- The blockade of the Nagorno-Karabakh residents by Azerbaijan has been ongoing for more than three months. What is people’s stance in Moldova regarding these methods of pressure on Armenia and NKR? In your view, which parties have greater interest in establishing a long-term stability regime in the South Caucasus?

The topic receives little attention in Moldova, there is little coverage of the South Caucasus region in the press. The recent events in Georgia were widely covered, but, again, through contacts in civil society and at the political level. The war in Ukraine dominates the news agenda: I have not even seen serious discussions of this issue. Even the 2020 war was not widely reported. The very process of negotiations, settlement, agreements is little discussed and is poorly known. It is hard for me to determine who has a long-term interest, since the interests of potential parties are quite conflicting, even NATO does not have a consolidated position. On the one hand, there is the position of the United States, the Western European countries that advocate for peace in the region, and on the other hand, we have Turkey’s perspective, which differs greatly. Turkey quite understandably sides with one of the parties to the conflict. And it is difficult for me to assess the sincerity of Russia’s stance and how much of it is aimed at retaining influence in the region and attempting to annex both countries as this influence intensifies. I think Putin has a deliberate policy towards all post-Soviet states and does not make a significant distinction between Armenia and Ukraine.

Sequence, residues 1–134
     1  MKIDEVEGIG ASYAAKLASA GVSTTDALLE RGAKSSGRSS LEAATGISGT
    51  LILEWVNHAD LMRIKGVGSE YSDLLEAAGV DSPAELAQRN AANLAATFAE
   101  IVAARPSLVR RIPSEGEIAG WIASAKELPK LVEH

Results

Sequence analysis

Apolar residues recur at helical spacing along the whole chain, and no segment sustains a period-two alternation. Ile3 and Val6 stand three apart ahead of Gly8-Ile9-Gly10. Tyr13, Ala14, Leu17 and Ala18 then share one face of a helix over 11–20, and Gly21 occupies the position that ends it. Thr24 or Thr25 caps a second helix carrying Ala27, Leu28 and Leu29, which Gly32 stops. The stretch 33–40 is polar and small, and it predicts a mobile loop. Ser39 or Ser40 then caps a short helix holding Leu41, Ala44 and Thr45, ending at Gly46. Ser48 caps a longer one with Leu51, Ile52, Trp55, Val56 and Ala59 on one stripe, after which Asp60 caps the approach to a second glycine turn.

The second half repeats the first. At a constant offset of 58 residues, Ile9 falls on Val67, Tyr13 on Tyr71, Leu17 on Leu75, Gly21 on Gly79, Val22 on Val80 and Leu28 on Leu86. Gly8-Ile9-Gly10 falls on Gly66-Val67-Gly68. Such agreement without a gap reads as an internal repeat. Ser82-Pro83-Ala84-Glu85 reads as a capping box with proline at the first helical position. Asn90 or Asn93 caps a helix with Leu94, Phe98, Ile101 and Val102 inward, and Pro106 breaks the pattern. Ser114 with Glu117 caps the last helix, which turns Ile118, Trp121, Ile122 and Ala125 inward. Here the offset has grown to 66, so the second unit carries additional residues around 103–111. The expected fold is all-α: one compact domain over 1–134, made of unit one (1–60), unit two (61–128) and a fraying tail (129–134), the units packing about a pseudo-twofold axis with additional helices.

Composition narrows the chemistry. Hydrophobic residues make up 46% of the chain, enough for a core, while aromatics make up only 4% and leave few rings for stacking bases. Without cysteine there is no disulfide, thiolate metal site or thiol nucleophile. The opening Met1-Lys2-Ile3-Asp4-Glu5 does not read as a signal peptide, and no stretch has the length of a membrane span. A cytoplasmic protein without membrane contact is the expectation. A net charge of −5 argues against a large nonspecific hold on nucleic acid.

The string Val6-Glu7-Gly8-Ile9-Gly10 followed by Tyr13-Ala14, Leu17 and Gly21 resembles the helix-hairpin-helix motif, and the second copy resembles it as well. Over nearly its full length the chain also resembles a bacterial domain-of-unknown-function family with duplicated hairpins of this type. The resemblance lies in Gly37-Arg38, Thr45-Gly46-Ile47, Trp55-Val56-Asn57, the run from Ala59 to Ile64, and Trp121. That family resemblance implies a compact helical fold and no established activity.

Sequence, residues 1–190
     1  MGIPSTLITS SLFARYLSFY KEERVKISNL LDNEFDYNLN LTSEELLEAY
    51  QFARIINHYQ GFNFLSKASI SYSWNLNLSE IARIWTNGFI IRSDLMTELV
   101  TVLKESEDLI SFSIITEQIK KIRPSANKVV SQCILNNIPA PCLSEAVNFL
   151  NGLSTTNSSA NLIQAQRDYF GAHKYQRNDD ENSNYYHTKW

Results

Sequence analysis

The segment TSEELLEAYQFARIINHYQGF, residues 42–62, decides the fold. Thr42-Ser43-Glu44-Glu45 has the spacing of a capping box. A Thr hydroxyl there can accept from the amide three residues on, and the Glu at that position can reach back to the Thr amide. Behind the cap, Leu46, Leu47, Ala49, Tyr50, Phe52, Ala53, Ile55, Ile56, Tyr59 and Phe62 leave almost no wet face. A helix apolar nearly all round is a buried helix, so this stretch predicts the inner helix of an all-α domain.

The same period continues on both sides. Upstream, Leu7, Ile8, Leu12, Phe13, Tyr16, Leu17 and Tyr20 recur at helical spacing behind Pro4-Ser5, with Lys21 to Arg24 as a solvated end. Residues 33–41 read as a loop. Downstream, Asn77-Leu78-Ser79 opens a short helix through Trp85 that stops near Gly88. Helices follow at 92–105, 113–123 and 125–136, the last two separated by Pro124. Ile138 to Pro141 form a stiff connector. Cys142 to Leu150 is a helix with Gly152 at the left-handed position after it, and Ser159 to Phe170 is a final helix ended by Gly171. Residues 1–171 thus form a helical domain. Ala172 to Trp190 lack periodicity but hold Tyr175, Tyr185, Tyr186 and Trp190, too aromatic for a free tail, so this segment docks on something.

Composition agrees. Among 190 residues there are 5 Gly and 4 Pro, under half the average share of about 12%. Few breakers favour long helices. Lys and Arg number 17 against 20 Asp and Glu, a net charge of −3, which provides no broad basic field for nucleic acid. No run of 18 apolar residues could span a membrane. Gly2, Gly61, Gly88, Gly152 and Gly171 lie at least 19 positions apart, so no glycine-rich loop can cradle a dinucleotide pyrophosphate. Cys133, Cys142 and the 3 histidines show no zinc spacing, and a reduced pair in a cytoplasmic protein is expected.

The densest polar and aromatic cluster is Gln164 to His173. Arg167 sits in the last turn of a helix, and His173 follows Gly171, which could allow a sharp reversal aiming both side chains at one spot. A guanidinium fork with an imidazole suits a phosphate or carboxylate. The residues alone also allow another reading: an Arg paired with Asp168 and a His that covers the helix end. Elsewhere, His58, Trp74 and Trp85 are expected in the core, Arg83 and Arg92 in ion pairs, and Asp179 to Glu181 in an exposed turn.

Series of interviews "Agendas and New Algorithms of Policies in the South Caucasus - 2023" has been organized within the framework of the Region Research Center's project "New Agendas for Peace and Stability in the South Caucasus after the Karabakh 2020 War". The project is being implemented with the support of the Black Sea Trust for Regional Cooperation. The opinions expressed in this material are those of the authors and do not necessarily represent the opinions and positions of the Black See Trust for Regional Cooperation or its partners.